False positives and false negatives
|This article does not cite any references or sources. (June 2015)|
In medical testing, and more generally in binary classification, a false positive is an error in data reporting in which a test result improperly indicates presence of a condition, such as a disease (the result is positive), when in reality it is not, while a false negative is an error in which a test result improperly indicates no presence of a condition (the result is negative), when in reality it is present. These are the two kinds of errors in a binary test (and are contrasted with a correct result, either a true positive or a true negative.) They are also known in medicine as a false positive (respectively negative) diagnosis, and in statistical classification as a false positive (respectively negative) error.
In statistical hypothesis testing the analogous concepts are known as type I and type II errors, where a positive result corresponds to rejecting the null hypothesis, and a negative result corresponds to not rejecting the null hypothesis. The terms are often used interchangeably, but there are differences in detail and interpretation due to the differences between medical testing and statistical hypothesis testing.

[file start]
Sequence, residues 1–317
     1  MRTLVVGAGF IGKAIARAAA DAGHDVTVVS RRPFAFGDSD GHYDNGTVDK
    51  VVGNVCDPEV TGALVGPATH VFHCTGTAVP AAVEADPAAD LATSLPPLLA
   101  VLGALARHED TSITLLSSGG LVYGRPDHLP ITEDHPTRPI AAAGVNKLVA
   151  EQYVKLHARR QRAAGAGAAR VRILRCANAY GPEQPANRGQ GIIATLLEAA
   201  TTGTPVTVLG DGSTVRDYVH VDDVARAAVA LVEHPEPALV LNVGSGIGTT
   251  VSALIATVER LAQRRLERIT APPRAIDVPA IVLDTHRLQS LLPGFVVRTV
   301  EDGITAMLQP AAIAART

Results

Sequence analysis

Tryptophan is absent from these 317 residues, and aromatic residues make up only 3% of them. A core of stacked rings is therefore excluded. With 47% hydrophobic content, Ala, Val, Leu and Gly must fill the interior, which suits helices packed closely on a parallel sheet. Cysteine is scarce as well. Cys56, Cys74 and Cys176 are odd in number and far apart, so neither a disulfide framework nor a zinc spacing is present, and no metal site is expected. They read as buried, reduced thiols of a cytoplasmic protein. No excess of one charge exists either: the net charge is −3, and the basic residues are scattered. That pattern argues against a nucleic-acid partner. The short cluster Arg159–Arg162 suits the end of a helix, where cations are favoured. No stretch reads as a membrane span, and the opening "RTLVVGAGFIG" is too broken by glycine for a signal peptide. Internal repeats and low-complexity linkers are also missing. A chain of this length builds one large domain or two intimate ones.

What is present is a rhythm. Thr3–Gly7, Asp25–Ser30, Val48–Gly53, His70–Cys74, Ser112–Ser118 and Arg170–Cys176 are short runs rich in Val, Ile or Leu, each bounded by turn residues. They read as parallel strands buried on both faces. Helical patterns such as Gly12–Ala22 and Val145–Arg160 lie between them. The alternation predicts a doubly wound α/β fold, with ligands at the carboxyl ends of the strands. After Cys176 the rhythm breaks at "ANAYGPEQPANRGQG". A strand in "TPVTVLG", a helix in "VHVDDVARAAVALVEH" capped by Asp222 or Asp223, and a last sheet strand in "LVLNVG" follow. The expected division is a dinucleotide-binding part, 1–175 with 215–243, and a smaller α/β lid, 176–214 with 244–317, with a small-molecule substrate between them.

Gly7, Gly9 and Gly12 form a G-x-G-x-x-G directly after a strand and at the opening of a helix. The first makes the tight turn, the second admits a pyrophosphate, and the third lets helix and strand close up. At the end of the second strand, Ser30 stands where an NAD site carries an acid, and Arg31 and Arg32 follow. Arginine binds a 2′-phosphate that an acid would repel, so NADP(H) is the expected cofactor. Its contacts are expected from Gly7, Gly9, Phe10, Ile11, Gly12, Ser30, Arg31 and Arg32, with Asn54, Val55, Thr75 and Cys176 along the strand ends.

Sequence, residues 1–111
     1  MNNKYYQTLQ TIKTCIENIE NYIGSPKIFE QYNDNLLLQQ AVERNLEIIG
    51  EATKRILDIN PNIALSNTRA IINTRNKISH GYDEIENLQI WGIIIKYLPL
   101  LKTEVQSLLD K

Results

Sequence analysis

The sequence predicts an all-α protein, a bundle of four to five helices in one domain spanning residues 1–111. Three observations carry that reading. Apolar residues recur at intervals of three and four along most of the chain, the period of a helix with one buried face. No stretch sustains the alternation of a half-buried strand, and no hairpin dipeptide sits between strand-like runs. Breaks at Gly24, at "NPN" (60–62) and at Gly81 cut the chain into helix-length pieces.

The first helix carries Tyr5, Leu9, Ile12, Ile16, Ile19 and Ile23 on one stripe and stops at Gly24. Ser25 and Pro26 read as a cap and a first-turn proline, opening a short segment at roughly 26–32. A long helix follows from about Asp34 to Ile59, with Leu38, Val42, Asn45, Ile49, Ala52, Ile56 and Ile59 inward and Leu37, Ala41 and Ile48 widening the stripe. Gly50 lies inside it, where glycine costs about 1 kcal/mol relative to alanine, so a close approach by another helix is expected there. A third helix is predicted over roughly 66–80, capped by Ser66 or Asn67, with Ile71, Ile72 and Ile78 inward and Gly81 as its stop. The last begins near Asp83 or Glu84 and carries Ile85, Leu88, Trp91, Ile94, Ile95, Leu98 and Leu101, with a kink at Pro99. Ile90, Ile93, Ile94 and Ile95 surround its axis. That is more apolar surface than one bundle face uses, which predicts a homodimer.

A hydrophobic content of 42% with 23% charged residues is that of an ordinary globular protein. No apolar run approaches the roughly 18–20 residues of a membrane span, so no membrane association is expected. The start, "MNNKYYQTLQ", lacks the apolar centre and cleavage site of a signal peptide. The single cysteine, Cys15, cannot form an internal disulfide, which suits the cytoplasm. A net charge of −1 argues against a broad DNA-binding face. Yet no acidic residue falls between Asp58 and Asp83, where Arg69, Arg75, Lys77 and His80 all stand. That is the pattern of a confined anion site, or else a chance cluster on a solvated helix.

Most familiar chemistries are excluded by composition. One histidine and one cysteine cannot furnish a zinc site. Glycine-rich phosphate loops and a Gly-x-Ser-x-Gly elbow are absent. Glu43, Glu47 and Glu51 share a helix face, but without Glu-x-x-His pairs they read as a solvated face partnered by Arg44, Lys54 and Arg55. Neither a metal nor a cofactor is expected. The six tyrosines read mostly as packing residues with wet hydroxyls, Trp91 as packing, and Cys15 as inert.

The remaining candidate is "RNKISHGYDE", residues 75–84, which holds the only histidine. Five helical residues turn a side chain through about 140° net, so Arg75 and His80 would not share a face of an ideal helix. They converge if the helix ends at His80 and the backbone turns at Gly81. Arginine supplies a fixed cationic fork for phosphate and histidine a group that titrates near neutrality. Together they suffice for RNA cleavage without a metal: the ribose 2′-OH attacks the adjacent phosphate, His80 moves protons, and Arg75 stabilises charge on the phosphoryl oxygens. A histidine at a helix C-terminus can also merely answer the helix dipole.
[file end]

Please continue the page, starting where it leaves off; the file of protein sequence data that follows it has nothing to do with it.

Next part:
False positive error
A false positive error, or in short false positive, commonly called a "false alarm", is a result that indicates a given condition has been fulfilled, when it actually has not been fulfilled. I.e. erroneously a positive effect has been assumed. In the case of "crying wolf" – the condition tested for was "is there a wolf near the herd?", the actual result was that there had not been a wolf near the herd. The shepherd wrongly indicated there was one, by calling "Wolf, wolf!".
A false positive error is a type I error where the test is checking a single condition, and results in an affirmative or negative decision usually designated as "true or false".
False negative error
A false negative error, or in short false negative, is where a test result indicates that a condition failed, while it actually was successful. I.e. erroneously no effect has been assumed. A common example is a guilty prisoner freed from jail. The condition: "Is the prisoner guilty?" is true (yes, the prisoner is guilty). But the test (a court of law) failed to realize this, and wrongly decided the prisoner was not guilty.
A false negative error is a type II error occurring in test steps where a single condition is checked for and the result can either be positive or negative.
False positive and false negative rates
The false positive rate is the proportion of absent events that yield positive test outcomes, i.e., the conditional probability of a positive test result given an absent event.
In statistical hypothesis testing, this fraction is given the Greek letter α, and 1−α is defined as the specificity of the test. Increasing the specificity of the test lowers the probability of type I errors, but raises the probability of type II errors (false negatives that reject the alternative hypothesis when it is true).[a]